Review: Philips GoGear SA9200


The propaganda

The number of nano clones out there is pretty staggering – unsurprisingly, everyone wants a piece of Apple’s lucrative music player pie, but few manufacturers have had much luck in shaking the iPod’s market dominance yet. However, the quality of rival products has been advancing dramatically, and more so than ever this year. Philips’ GoGear SA9200 is a great example of this – its thin candybar design is immediately identifiable as nano-esque but in contrast to the iconic white, the SA9200 sports a very sleek black finish on the front end.

Its dimensions of 90 x 46 x 8.9 mm make it just a little taller and fatter than the iPod but the screen is a little larger at 1.7”. Other features include a touch screen interface, 2GB of NAND flash memory, MP3 and WMA compatibility, as well as PlaysForSure classification, and 14 hours of battery life.

The good

The touch screen design serves the SA9200 well – it is easy to use and pleasingly responsive. The various back-lit keys light up only when you have the option to use them, which, when combined with the very intuitive menu layout, makes it extremely straightforward to gets things up and running quickly.

The sound quality is impressive too. The player produced some well detailed, clear audio over a range of different bit rate encodings and even the packaged headphones weren’t bad. You also have a choice of nine settings on the 5-band equaliser, or you can create your own setting if you’re a real perfectionist.

The bad

The most obvious failing of Philips’ player is the 14 hours battery life. Compared to the nano’s 24 hours, it is a real disappointment – presumably the undeniably smart back-lit buttons are a little too power hungry. However, unless you’re stuck in some particularly unfortunate travel delays, even 14 hours should be enough to serve most users.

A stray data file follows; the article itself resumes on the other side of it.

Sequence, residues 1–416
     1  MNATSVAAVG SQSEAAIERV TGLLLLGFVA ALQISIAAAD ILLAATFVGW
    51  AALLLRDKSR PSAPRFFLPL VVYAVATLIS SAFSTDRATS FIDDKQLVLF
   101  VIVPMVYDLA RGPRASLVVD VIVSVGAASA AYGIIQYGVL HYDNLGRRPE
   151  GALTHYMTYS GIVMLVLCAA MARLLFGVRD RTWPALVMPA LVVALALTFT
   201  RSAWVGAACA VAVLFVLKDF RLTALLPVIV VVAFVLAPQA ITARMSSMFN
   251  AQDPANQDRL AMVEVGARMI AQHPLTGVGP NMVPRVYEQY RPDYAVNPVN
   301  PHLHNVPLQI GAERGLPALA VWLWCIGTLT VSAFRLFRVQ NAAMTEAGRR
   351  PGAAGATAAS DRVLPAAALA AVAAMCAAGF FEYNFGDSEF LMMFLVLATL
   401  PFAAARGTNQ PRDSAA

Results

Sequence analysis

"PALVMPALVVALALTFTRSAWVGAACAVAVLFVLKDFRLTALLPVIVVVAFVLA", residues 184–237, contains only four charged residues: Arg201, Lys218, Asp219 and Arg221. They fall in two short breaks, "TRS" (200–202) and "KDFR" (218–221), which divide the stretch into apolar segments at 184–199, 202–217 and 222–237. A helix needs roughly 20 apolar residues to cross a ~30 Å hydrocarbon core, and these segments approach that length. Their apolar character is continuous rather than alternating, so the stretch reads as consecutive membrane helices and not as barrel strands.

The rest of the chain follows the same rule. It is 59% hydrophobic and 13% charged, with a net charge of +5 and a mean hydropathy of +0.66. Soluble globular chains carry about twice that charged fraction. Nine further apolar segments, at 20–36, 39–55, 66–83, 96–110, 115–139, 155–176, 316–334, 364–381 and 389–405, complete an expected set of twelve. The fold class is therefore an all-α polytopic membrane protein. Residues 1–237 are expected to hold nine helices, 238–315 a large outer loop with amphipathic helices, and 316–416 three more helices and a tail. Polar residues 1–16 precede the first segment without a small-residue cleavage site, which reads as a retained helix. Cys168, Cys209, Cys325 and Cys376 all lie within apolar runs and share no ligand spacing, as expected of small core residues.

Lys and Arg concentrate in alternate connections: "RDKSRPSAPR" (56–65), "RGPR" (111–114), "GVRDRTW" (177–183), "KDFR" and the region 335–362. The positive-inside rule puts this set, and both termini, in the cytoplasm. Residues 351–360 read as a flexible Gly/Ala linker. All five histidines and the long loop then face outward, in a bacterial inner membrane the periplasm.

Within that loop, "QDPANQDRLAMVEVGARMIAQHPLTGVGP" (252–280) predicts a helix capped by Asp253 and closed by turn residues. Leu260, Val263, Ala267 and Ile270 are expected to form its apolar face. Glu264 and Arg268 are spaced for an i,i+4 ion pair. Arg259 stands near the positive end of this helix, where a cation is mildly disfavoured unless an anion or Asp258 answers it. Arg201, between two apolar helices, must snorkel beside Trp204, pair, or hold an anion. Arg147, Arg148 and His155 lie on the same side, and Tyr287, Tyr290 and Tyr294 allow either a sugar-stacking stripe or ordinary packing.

Although the touch screen system works well for menu navigation and browsing, its high level of sensitivity does lead to some unwanted track skipping before you train yourself to keep that keypad lock on tight. It’s only a minor niggle really, but one that LG Chocolate phone users will probably empathise with.

Geek Sheet

Dimensions: 90 x 46 x 8.9 mm

Weight: 47g

MP3 and WMA format support, Microsoft PlaysForSure

Up to 14 hours battery life

USB 2.0 connectivity


So is it a nano beater? Not really, but it does put up a good fight and anyone who prefers to use one of the many iTunes music store rivals will certainly find this player to be one of the best PlaysForSure devices of its kind. It isn’t cheap though – it retails for around £130 – but the sheer style of the back-lit controls and great sound quality do go some way to justifying the extra expense.


Related stories: Review: Samsung K5 | Review: MaxMovie media player| Microsoft Zune struggling against the mighty iPod? | BenQ’s MusiQ MP3 player – wear your music like dog tags | Maxfield launches MAX-IVY MP3 player | More MP3 players…

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